This mirror is a Searchlight mirror constructed during WWII. This concave spherical mirror would have been placed behind a very luminous source of light such as a carbon arc lamp to project a powerful beam of parallel rays. These searchlights were usually constructed so that they could be swiveled around.

An example of a complete searchlight can be seen at the Fort Lytton museum.

This mirror can form two types of image, a real image and a virtual image. An image location is the location from which the light reflected by the mirror appears to come from, so a person looking into the mirror will see a reflection of the actual object.

Virtual images are images that are formed in a location where the light does not actually reach. If you stand very close to this mirror, inside its focal length, you will see a reflection of yourself ‘behind’ the mirror. There is no light coming from behind the mirror, so this is the virtual image.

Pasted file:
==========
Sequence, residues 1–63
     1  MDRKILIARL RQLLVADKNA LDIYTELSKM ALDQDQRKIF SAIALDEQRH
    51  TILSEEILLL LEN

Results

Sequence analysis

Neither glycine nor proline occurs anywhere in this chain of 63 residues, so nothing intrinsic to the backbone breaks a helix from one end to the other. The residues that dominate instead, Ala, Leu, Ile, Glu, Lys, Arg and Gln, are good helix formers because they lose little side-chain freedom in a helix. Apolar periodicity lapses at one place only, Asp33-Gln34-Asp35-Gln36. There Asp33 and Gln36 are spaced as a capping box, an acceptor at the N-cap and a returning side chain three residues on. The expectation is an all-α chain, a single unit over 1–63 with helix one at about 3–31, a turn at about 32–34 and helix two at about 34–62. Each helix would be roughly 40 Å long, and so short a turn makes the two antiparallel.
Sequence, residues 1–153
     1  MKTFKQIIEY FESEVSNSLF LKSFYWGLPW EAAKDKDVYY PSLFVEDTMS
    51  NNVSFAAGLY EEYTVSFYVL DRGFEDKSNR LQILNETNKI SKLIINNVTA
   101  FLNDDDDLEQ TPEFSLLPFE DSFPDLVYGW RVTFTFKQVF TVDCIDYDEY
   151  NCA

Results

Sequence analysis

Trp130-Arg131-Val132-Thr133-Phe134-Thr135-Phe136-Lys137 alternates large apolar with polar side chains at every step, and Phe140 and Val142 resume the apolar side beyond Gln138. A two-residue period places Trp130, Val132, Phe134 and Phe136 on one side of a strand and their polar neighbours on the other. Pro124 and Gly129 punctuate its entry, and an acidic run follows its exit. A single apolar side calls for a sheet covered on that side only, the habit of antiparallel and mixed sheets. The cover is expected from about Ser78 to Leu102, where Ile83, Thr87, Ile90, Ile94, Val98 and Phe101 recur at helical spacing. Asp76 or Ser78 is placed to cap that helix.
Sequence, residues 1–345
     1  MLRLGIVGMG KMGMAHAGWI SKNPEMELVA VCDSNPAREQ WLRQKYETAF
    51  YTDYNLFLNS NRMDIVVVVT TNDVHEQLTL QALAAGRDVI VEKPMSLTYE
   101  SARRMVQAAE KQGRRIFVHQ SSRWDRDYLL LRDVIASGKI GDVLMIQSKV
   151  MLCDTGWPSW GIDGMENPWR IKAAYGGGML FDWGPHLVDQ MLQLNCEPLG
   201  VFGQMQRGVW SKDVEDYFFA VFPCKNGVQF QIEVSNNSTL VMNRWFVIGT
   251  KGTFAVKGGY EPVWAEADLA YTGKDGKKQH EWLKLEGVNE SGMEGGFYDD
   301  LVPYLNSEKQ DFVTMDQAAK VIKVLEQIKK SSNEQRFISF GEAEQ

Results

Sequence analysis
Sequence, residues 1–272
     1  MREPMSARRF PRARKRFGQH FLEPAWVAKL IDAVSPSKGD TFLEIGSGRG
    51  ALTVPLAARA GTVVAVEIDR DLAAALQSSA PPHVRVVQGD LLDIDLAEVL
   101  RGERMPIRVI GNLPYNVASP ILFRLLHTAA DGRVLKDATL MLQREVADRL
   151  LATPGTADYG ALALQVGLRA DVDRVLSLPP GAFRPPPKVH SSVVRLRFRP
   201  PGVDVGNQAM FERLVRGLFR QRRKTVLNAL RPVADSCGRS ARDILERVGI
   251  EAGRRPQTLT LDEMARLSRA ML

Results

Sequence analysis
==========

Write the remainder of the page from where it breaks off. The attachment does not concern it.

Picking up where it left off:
If you stand further away you will see an inverted image of yourself in front of the mirror. This is the real image and could be caught on a screen inserted between you and the mirror. If you hold out our hand and walk towards the mirror the image will move towards you and reach out to shake your hand. DO IT NOW!

These phenomena can be explained using a technique called ray tracing, which was developed in the 1600s as part of the geometrical and ballistic models of light. In the early 1600s physicists were questioning if light was a wave or a particle. Isaac Newton believed that light was made up of tiny corpuscles that were emitted from hot objects. He suggested that different colors of light were due to the corpuscles having slightly different masses. This is called the ballistic model of light. The corpuscles only travelled in straight lines and their reflection and refraction could be described by simple mathematical rules. These rules included Snell’s Laws of refraction, which we still use to explain lenses today.

This item is part of the UQ Physics Museum ‘2015, International Year of Light’ Tour
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